Canada establishes energy information web site

The Canadian government is developing the Canadian Center for Energy Information, a web site to provide Canadians with access to information and expert analyses on which to base important decisions for businesses, communities, and the environment.

The Canadian government is developing the Canadian Center for Energy Information, a web site designed to provide Canadians with access to independent and credible information and expert analyses on which to base important decisions for businesses, communities, and the environment.

The CCEI, a partnership between Natural Resources Canada and Statistics Canada, where it will be housed, received $15.2 million over 5 years in this year’s budget. It will be guided by a joint federal-provincial-territorial steering committee and will seek advice from Canadians, Indigenous peoples, industry, academics, and municipalities.

The site aims to:

• Compile, reconcile, and integrate energy data from various Canadian sources.

• Make data from multiple providers available free of charge on a one-stop, user-friendly website.

• Work collaboratively to harmonize energy definitions, measurements, and standards.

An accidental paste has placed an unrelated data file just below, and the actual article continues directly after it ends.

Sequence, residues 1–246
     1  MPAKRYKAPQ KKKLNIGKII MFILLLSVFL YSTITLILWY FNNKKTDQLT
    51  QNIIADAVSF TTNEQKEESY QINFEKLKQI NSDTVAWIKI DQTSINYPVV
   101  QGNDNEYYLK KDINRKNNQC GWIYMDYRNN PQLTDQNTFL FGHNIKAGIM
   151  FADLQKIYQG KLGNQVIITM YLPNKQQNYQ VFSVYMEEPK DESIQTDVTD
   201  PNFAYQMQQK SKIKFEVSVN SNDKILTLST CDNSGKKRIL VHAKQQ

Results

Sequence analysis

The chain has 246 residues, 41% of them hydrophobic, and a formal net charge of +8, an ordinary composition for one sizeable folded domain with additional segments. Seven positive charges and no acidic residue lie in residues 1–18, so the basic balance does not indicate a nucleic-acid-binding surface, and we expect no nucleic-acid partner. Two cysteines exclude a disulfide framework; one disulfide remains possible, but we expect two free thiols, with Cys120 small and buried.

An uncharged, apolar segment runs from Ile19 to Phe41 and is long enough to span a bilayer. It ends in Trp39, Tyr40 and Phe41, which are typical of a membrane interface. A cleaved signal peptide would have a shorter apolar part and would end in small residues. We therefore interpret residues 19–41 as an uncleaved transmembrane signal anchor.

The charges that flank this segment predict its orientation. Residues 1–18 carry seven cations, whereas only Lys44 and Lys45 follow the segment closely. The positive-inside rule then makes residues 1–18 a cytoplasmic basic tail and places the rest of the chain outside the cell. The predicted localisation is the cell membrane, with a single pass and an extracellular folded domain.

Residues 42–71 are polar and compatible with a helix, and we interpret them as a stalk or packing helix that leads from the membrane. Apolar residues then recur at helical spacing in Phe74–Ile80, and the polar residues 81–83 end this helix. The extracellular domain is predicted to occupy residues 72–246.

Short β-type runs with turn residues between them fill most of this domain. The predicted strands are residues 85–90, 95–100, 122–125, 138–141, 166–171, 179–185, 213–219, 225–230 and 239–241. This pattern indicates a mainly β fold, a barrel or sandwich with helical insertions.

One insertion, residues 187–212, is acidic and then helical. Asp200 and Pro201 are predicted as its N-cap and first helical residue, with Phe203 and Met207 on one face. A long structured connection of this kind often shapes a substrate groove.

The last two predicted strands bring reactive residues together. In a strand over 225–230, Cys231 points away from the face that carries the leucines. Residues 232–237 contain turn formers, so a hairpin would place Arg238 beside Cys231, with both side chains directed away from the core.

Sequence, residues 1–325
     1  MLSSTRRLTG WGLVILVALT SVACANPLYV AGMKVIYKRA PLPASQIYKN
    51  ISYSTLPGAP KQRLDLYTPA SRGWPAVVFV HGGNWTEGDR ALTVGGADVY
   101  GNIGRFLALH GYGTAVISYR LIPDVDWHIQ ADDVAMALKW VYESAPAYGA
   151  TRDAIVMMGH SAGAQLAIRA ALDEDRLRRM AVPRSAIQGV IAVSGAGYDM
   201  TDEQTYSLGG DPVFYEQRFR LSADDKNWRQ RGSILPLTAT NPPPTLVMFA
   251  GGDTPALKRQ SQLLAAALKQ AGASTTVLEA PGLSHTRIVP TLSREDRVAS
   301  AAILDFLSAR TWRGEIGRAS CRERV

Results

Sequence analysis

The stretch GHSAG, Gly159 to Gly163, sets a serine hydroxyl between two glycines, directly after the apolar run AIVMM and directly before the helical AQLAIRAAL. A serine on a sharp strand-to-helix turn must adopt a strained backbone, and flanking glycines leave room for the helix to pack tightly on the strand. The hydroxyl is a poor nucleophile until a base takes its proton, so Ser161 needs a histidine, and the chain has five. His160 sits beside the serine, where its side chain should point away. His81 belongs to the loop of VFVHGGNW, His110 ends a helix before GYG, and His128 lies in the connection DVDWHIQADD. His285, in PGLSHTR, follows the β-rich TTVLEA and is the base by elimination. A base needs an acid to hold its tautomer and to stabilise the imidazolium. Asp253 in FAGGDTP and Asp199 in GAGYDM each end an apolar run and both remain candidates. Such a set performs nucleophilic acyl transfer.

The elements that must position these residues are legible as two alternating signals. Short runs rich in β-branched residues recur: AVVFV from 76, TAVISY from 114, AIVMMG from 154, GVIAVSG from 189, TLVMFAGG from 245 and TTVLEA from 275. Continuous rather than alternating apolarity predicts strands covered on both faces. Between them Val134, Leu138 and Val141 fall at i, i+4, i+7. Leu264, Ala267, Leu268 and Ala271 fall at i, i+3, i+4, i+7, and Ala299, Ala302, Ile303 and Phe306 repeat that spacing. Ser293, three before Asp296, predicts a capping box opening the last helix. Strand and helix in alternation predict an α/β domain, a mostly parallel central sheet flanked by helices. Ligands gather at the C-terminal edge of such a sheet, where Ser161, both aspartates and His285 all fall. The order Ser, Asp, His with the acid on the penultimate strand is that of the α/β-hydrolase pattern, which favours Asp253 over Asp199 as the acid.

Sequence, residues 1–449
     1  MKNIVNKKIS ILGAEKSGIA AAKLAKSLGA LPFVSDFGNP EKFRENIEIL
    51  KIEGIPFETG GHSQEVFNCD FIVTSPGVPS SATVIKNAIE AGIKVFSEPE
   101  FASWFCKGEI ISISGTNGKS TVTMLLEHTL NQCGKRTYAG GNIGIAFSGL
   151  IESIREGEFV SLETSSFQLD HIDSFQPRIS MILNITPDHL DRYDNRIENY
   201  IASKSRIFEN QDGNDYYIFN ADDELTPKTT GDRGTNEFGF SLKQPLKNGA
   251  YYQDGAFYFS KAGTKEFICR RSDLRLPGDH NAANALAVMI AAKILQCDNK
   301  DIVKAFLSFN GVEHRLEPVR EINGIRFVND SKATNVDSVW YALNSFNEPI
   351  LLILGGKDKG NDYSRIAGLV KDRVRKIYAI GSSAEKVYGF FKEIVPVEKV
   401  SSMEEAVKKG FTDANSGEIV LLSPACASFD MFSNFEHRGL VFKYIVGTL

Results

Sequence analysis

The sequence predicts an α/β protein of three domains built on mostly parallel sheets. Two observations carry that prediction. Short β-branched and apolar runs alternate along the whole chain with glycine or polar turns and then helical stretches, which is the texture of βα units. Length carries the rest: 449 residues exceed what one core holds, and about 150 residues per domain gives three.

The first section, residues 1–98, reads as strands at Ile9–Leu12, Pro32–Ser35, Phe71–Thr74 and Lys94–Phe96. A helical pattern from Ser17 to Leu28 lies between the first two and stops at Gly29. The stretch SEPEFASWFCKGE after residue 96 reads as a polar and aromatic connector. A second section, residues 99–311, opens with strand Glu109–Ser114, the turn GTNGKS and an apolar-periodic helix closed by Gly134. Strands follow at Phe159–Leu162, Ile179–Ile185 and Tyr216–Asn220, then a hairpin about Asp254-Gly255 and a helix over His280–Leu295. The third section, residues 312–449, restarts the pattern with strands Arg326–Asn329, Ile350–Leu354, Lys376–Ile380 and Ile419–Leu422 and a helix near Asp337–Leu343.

• Provide remote access for researchers to microdata on a secure collaboration platform.

• Improve the completeness, coherence, and timeliness of Canada’s energy information.

• Provide new data products, visualization tools, and expert analyses in support of modeling and forecasting.

Canada’s energy sector accounts for nearly 820,000 jobs and 11% of gross domestic product and plays a key role in the development of solutions to address climate change, Natural Resources Canada said in a press statement.

"The need to improve energy information was recognized by the Generation Energy Council, which proposed pathways for the government of Canada to move forward toward a strong, clean, energy economy,” said Amarjeet Sohi, Canada’s Minister of Natural Resources. In addition to providing information, the CCEI will “enhance competitiveness, international trade, and investment,” Sohi said.

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